• Difficulty in determining the right amount to stake: determining the optimal amount of cryptocurrency to stake in a PoS network is challenging. Validators must balance the desire for higher rewards with the risk of losing their stake.

Would Bitcoin Ever Move To Proof Of Stake?

Ethereum’s recent shift from PoW to PoS in September 2022 sparked ideas across the corporatized environmental world that Bitcoin should do the same and therefore abandon the “extreme energy consumption” required by its consensus mechanism.

Changing Ethereum to a PoS system won’t/didn’t reduce energy consumption by 99.95%, as it fails to take into account that expensive enterprise farms and corporations use enormous amounts of energy to subsidize the work necessary to complete PoS transactions globally.

The Greenpeace “Change the Code” campaign funded by Ripple Labs to discredit the energy usage of Bitcoin’s proof-of-work system is a typical example of how the corporate world does not encourage change and, instead, promotes the perpetration of an elitist system that is now fully mirrored in Ethereum’s consensus mechanism.

Besides proposing a new revolutionary and fair monetary system, PoW fosters renewable energy innovation and the use of stranded and wasted energy which will benefit the environment more than a supposedly energy-efficient PoS system in the long term. Proof of stake is merely better at concealing the energy purchases made by the corporations that enable its validating mechanism.

Thankfully, Bitcoin’s code is highly resistant to these types of attacks and was purposely developed this way. It is improbable that a proposal to change the code would even pass any initial stage of consideration by the developers, let alone the community.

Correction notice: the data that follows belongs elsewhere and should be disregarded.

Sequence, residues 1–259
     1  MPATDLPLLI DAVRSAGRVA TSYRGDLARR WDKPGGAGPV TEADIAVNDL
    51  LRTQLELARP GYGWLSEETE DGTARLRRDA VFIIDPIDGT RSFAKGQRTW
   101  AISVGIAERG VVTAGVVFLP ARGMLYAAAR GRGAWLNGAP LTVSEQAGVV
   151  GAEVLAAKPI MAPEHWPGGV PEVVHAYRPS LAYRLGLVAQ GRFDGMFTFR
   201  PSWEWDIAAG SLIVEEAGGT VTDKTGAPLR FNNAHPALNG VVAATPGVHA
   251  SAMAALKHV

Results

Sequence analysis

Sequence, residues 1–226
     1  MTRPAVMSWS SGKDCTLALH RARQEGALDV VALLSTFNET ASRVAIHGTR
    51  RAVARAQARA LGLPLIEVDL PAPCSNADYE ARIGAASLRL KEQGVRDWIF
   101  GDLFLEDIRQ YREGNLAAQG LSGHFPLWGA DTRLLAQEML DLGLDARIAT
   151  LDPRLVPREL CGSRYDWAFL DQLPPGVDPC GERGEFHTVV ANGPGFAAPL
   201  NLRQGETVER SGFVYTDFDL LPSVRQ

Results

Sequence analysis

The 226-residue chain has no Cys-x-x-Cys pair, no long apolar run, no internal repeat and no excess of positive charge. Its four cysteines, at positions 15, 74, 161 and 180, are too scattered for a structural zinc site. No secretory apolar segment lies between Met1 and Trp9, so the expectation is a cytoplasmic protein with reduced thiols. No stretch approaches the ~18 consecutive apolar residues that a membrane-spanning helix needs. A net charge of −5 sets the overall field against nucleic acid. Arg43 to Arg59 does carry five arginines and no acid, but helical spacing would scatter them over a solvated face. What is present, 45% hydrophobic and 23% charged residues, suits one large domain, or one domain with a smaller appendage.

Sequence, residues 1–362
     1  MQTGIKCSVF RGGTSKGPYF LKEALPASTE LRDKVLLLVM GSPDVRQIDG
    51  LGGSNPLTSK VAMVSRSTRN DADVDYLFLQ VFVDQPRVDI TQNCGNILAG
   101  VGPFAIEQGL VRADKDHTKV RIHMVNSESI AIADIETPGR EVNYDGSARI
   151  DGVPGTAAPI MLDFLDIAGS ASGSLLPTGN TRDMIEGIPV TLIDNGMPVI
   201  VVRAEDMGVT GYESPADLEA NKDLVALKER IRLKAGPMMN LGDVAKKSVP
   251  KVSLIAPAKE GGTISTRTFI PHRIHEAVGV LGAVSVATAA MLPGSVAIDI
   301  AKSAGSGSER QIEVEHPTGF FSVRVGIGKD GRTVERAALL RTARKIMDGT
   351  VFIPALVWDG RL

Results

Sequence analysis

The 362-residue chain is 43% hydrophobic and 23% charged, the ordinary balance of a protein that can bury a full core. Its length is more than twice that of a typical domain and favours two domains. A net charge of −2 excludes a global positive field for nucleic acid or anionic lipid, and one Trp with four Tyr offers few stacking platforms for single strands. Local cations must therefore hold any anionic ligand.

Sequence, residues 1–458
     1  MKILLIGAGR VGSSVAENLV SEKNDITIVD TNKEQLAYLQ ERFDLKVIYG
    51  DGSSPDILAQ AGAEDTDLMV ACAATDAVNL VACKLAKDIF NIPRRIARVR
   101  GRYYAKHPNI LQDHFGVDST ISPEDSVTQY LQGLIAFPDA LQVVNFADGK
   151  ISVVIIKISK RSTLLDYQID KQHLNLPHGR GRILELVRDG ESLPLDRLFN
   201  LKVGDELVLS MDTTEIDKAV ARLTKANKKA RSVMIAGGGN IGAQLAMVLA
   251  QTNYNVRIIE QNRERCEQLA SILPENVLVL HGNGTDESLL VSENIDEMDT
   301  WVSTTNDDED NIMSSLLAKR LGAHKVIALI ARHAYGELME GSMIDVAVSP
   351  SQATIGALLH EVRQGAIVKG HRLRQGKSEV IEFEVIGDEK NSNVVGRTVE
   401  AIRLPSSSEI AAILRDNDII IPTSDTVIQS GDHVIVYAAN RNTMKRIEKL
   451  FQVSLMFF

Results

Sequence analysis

Conclusion

In free markets, it is important to allow both proof-of-work (PoW) and proof-of-stake (PoS) mechanisms to coexist and evolve in ways that are profitable and beneficial to their respective supporters. Bitcoin, as an innovative monetary system, not only brings about technological advancements but also strives to have a positive impact on the environment. Educating individuals about the significance of PoW in this transformative process is a responsibility that Bitcoin enthusiasts understand and embrace.

If you’re concerned about wealth protection, financial inclusion, and fostering a better environment for all life on earth, the ideal choice is a currency that is borderless, permissionless and embodies pristine hard money and freedom technology.

This type of money, which is impervious to censorship and safe from confiscation, highlights the superiority of proof of work over proof of stake. In years to come, Bitcoin may likely be the only token of value, and the decision to support proof of work will be seen as obvious in hindsight.